by Phylicia Teymer
This weekend, I listened vicariously via Twitter for the experiences of many who witnessed a variety of virtual reality (#VR) developments and testimonials (so far) at SXSW in Austin, TX. While trending tech topics set to impact the near future, considered by some as The Fourth Transformation – such as Internet of Things (#IOT), Artificial Intelligence (#AI), block chain, drones/robots, and 3-D printing – one topic continues to pique my interest – virtual and augmented reality.
Gone are the days of its consideration as a ‘gamers-only’ technology. Experts estimate this VR/AR market will be worth $120 Billion by 2020. The realization of the possible benefits in harnessing VR/AR capabilities in our schools, workplace, and beyond has only recently began to sink in – and so have the questions which arise from its consideration as a future communication platform.
Below, I’ve listed a few key industries and ways that VR and AR – which puts users in the center of a simulated 3-D experience – will continue to change our lives.
- Learning & Employee Development – Do you need to learn skills such as how to mediate an employee conflict or how to help a customer repair a specific device? It’s possible with VR. Some companies, such as Home Depot, have already begun using VR to assist its Supply Chain team to design palettes. If you need a way to provide an immersive skill learning experience – VR could be the way to create it for your employees.
- Interviewing – You may have heard about participating in a video-conference interview, but what if you could be virtually transported into an interview room to meet with a company? It can be done – and could save companies thousands in travel/lodging expenses with VR.
Consumer thoughts are conveyed in multiple ways – including your eye and body movements. Our traditional online buying behavior provides a few pieces of information – but with VR (partnered with cognitive capabilities), not only could buyers encounter more personalized and immersive buying experiences – marketers could learn much more about a specific buyer’s behavior – such as their likes, dislikes, must-haves, and what outfits garner the best user response when tried on virtually to their body-type. Personally, I wish this would be made widely available as soon as possible – from both a buyer and marketer stand-point.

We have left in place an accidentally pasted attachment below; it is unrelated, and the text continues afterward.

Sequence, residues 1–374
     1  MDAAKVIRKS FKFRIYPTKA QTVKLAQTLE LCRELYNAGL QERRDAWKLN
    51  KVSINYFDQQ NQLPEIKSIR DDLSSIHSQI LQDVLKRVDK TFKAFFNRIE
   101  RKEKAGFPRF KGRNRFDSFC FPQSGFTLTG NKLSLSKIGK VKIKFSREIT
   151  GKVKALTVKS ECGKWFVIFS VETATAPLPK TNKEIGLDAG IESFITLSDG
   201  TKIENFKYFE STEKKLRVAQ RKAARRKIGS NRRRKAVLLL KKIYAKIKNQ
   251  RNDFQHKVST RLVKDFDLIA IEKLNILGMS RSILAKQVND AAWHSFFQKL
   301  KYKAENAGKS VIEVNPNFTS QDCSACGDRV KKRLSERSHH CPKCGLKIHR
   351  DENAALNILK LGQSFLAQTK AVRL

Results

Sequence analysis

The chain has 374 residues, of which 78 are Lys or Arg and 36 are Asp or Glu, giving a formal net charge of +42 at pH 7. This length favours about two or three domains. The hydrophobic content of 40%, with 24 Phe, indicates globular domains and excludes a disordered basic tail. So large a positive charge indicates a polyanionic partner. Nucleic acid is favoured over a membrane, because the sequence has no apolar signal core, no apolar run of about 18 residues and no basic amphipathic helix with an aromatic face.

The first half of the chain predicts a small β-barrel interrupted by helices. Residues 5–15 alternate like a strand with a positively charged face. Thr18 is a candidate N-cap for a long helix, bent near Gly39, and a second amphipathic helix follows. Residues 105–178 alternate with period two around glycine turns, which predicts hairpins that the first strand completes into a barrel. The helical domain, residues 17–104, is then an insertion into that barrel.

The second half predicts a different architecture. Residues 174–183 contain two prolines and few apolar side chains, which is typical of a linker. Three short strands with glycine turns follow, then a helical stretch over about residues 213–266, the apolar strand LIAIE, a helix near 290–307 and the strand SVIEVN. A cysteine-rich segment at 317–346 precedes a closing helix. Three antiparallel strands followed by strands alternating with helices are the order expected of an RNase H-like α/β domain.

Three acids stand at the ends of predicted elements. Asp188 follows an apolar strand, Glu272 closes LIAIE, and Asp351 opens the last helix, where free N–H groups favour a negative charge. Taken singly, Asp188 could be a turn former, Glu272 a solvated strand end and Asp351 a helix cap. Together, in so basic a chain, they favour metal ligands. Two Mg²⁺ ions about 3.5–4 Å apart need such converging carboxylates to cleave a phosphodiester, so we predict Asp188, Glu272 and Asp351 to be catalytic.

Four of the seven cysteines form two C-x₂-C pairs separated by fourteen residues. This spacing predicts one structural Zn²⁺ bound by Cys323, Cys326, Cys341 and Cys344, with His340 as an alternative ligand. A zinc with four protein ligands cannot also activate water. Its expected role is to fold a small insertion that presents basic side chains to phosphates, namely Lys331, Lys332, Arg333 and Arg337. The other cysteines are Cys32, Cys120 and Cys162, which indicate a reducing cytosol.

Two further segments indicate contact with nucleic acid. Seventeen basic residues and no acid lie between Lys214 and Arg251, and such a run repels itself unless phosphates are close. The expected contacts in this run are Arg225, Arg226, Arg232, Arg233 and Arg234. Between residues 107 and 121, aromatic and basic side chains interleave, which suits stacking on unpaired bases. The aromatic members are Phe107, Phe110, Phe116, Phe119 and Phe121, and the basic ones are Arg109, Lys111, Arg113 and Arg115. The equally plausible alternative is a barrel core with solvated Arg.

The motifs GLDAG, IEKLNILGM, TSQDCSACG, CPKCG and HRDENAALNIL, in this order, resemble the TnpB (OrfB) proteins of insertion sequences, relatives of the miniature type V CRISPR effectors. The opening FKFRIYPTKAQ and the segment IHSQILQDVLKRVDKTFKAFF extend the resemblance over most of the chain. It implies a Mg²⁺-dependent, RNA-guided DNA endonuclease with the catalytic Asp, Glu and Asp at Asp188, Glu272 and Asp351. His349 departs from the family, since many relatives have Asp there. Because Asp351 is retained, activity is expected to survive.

With learning skills and procedures – experience is everything. In the medical field, among others, seconds count and precision matters. With VR, medical students and practitioners can learn, rehearse, and simulate life-saving procedures and surgeries through immersive 3-D experiences, which could reduce the amount and cost of using cadavers and save more lives afterward.
I’ve fantasized about this idea for a while, given that most of the population has limited funds for multiple long-distance vacations and travel. Imagine, being able to not only go on virtual tour of a potential vacation destination before you buy it – but going on mini virtual vacations (or meditations) around the world, learning new languages, and meeting new people, all from the comfort of your home. Expedia has already started to provide early VR experiences, such as their recent option to visit Queenstown. Let’s go.
You may have been on a treadmill or elliptical with a TV or a ‘trail system video series’. It’s nice when compared to looking at a wall or out a window, yet that’s fitness 1.0 in our tech era – You are now able to choose multiple locations to go walk/run – and be immersed into a 3-D experience that will respond real-time to your movements in front of your eyes. Holofit has a great start in applying this idea to fitness – although it may take some time for it become more affordable for mass consumers.
Recent studies have shown that VR changes how we perceive and learn about the world around us, particularly spatial, however, as VR continues to evolve and includes more of the body’s senses and movement – the easier it will be to more fully submerge into a virtual reality with enhanced learning capabilities.